The muscles of the pelvic floor are some of the most important to keep strong, for both men and women. In this week’s blog, I’ll be focusing on pelvic floor exercises for women, before turning my attention to the guys next week.
 
So firstly, what exactly is the pelvic floor, and what does it do? Well, our pelvic floor (or PC) muscles form a ‘sling’ across the floor of the pelvis. They support the bladder, uterus and rectum, providing stability to these organs, and muscular tone within the vaginal walls. They also help to close the bladder and back passage and protect them from sudden increases in abdominal pressures due to sneezing, coughing, and yep, you guessed it, laughing too hard.
 
Because we’re not taught to activate these muscles nearly enough, they often suffer from weakness – especially during and after pregnancy, after menopause, gynaecological surgery, heavy lifting, weight gain, or even something like a chronic cough. Most often, sudden unexpected urine leakage is a sign of pelvic floor weakness, especially during moments of pressure on the abdomen. If you also need to pee more, but with less volume, or even have heightened period pain or lower back ache, these symptoms can also be indicators that you need to work on strengthening this area.
 
So how to do it? Begin in a lying position to relieve the weight of your internal organs and gravity, then close off and draw up the muscles around the vagina (as if you’re stopping yourself from urinating). You may also feel the muscles in your rectum closing off. Draw up the entire area strongly and hold for 5-10 seconds. You may instinctively feel like holding your breath, but keep breathing while you do this. After a few seconds, fully relax the entire area. Repeat 5-10 times in a row. Next, do 5-10 short, fast and strong contractions, breathing all the while, and remembering to relax again afterwards. Following this, focus on the rear pelvic floor muscles around the anus, tightening and drawing them up as if you’re holding onto wind. Hold for 5-10 seconds and then relax again. You may tire quickly at first, but don’t give up! From lying down, you can progress to standing exercises, training your PC muscles in their slightly more difficult ‘fully loaded’ position.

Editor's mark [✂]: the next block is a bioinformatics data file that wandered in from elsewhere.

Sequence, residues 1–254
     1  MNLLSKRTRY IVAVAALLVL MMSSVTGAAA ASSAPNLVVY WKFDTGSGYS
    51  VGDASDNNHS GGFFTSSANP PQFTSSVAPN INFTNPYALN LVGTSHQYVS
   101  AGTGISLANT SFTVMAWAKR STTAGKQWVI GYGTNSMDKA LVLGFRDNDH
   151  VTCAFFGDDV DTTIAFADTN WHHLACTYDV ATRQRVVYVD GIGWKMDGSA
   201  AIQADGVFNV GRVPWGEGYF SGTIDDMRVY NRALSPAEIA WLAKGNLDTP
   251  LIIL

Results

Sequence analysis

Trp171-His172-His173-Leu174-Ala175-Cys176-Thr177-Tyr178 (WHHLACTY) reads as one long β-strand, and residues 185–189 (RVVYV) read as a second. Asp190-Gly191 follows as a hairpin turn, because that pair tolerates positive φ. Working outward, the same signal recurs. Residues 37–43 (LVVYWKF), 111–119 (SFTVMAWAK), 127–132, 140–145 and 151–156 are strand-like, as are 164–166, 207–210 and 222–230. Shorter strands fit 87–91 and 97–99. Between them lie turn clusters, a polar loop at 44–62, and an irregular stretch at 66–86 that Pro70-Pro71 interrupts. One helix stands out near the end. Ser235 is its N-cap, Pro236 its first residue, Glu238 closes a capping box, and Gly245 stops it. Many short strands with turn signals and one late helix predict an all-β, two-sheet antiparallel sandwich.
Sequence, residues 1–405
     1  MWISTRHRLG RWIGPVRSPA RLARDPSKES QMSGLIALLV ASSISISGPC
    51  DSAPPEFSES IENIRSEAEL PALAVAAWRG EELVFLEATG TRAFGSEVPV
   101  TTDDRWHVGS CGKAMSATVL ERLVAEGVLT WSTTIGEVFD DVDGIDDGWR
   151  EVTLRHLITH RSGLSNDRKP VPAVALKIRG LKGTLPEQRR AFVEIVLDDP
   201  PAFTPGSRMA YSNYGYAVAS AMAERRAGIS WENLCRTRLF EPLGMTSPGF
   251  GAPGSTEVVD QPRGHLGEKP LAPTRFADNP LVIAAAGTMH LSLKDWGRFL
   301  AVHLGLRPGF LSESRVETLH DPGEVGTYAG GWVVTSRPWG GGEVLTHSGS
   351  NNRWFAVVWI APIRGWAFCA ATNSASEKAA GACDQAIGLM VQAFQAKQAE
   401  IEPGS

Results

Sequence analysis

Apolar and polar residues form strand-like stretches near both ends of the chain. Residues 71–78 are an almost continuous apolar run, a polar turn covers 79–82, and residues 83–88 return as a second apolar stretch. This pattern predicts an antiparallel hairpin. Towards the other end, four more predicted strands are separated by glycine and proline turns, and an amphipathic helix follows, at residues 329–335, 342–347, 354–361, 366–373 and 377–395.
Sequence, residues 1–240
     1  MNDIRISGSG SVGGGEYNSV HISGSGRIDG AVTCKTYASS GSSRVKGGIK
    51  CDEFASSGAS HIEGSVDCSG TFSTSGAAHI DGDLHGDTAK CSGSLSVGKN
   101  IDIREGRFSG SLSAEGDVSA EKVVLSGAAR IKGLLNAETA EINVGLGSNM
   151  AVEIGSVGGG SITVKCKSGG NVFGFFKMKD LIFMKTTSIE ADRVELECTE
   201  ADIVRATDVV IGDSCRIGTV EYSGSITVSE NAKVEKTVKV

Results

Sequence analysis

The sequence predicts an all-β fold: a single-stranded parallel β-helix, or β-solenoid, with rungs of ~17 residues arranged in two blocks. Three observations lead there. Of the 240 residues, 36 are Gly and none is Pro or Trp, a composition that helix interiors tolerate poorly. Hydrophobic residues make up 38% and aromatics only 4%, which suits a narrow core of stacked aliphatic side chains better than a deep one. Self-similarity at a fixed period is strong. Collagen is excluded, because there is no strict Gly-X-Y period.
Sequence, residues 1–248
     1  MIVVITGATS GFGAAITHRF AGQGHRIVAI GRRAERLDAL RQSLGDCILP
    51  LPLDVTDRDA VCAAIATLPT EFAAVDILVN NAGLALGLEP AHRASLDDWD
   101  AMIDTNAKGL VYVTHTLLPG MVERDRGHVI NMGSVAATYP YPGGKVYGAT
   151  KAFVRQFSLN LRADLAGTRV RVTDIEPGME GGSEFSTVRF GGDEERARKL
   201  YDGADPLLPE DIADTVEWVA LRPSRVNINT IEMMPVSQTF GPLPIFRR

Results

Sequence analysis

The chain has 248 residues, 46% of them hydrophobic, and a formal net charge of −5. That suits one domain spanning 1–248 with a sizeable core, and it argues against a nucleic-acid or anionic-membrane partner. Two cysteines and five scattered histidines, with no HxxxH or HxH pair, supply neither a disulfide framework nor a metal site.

Aim to do these ‘flexing’ exercises at least daily, and more than once a day if you can manage it. The beauty of this practice is that it can be done anywhere, without anyone even realising. It might be helpful at first to use coloured stickers next to the kitchen sink or bathroom mirror to trigger a reminder. Over time, you’ll find that your PC muscles become stronger, enabling you to laugh, cough or sneeze without any embarrassing side-effects.
 
Even more excitingly, activating this area can tone and strengthen the vaginal wall, stimulate the sacral chakra, open up the energetic pathways in our bodies and lead to more intense orgasms – and that, dear readers, is great news for both our physical health, and for our sex lives!
 
In love and light,
 
Taranga

Jul 092013
 

So here we are in the depths of winter, and as the nights draw in, the streets, shops, restaurants and bars become quieter, and we retreat into our homes, hermit-like in our hibernation, it’s important to remember not to become too reclusive at this time. Reading a recent review of research into loneliness, I was struck, not only by how common it is to feel chronically lonely and isolated, but also by the dramatic effects of loneliness on both our mental and physical health.